If you had dreams of NHL players going to the 2018 Olympic Games in PyeongChang, Gary Bettman likely just tinkled in your Corn Flakes.
The NHL’s Commissioner spoke at the Sport Business Summit in New York today and told reporters that “people should assume we are not going (to the Olympics).”
The news sent shockwaves through social media as many Canadian hockey fans were hoping for a three-peat on the men’s side, a goal that seems unlikely to happen if you take Bettman at his word.
According to Bettman, the NHL’s commissioner since February of 1993, the league last met with the IOC to discuss an Olympic future back in February but, apparently, no progress was made and no future meetings are scheduled. According to ol’ Gary:
“There are no negotiations ongoing. We were open to having discussions on a variety of things that might mitigate the damage to our season but that had no resonance.”
The NHL’s beef seems to stem with shutting the league down for two weeks so close to the playoffs, a concern that is amplified by the potential for injuries to some of the league’s best players. From a league perspective, having guys like John Tavares go down for the remainder of the season as a result of an Olympic injury is a problem but, to play devil’s advocate, we’ve also seen guys go down from eating pancakes. Injuries happen and unless we wrap the world in bubble wrap (let’s get some costing on this idea) then there’s not much we can do about them – Olympics or not.
What else did Bettman say?
“The point is I was trying to emphasize the fact that this is terribly disruptive to our business and there seems to be no offsetting way to mitigate that disruption”
Basically what that tells me is that the bigger issue is the fact that the NHL misses out on the cash generated by their athletes that play in the games. Are they worried about players getting hurt? Totally. Are they way more worried about missing out on some mad scratch? Hell yeah, they are.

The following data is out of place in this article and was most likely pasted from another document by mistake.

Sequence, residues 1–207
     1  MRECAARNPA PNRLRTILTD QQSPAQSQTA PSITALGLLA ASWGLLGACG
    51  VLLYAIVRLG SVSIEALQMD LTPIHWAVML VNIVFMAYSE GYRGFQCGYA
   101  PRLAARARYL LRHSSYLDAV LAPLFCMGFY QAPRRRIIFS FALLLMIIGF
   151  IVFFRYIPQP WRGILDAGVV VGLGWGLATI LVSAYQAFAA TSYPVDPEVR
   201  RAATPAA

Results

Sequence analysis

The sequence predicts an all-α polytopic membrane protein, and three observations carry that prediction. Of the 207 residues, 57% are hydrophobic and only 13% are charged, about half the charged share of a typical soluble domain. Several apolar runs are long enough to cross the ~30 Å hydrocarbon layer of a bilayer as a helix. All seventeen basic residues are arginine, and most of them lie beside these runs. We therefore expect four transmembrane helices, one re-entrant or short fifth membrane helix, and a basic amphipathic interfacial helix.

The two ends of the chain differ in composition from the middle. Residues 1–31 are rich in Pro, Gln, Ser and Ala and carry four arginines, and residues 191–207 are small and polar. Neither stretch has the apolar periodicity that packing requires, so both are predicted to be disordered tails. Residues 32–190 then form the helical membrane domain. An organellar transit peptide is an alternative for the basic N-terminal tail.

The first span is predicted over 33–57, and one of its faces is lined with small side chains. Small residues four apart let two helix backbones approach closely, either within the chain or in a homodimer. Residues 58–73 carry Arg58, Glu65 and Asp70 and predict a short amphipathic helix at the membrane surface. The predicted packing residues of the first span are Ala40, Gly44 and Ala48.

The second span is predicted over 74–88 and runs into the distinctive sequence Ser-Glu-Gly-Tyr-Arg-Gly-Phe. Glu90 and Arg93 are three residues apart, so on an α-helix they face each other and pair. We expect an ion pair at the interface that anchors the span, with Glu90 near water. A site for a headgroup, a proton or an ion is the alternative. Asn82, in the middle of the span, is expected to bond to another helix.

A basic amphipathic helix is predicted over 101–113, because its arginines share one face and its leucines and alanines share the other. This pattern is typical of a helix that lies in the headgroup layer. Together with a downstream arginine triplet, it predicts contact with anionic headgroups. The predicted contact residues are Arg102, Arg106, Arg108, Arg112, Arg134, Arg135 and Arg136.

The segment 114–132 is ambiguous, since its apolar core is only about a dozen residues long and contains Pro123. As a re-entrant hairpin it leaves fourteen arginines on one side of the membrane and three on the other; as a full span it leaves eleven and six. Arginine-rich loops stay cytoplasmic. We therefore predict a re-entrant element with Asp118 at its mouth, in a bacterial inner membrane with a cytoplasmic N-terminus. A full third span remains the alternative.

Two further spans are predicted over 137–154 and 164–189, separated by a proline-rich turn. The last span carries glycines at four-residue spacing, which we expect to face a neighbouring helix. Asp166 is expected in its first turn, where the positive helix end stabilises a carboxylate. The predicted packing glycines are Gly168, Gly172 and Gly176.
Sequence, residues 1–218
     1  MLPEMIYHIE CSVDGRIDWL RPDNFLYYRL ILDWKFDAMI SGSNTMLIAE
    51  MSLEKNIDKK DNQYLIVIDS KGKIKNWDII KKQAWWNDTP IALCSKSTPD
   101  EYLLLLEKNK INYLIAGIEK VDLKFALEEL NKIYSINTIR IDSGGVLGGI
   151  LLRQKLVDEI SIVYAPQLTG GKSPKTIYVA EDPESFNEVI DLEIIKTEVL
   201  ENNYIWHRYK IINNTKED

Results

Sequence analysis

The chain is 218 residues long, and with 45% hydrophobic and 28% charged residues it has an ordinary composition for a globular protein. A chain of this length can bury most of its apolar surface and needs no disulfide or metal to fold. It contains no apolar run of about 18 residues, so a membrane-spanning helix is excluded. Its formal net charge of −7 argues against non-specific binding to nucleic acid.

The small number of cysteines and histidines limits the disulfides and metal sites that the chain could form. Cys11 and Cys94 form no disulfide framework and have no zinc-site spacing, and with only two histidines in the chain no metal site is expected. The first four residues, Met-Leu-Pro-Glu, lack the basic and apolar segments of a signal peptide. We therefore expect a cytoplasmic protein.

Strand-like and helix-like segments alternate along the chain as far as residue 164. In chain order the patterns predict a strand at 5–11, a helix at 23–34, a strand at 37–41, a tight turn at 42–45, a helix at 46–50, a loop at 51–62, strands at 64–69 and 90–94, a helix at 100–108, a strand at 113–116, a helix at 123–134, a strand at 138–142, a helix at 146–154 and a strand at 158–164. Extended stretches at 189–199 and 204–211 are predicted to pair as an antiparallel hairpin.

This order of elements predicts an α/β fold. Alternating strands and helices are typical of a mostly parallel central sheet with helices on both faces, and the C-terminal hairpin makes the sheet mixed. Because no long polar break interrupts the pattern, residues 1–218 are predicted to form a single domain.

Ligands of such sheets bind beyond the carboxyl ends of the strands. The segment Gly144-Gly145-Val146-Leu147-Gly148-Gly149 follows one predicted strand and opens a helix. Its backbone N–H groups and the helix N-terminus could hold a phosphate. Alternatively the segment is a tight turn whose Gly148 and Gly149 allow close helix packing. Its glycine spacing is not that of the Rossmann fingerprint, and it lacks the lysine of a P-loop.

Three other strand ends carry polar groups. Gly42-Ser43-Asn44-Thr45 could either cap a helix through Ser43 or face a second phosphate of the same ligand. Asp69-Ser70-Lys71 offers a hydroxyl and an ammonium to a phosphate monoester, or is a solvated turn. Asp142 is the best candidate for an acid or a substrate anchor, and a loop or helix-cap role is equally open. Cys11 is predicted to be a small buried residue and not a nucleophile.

It was widely reported that the NHL is seeking a ‘Top Sponsor’ status that would allow the league to market (read: cash in on) the games themselves. When you combine missing out on that kind of cake alongside paying for the insurance and transportation for the players to attend the event then you’ve got a recipe for an unhappy ownership group, a group represented by Bettman.
“When the IOC comes to us and says, by the way, we know it will cost $15 to $20 million to send your players between insurance, charter costs and accommodations for the players. Well… we’re not going to pay for that. If they don’t value our participation (then) why are we going?”
For hockey fans everywhere, this news came down like a heel kick to the nuts. Having NHLers participate at the Olympics created some of the most memorable and uniting hockey moments that any of us have ever experienced. If the NHL has their way, those memories could be all that we have to hang on to. Unless, of course, you’re going to be into watching an Olympic version of the Spengler Cup.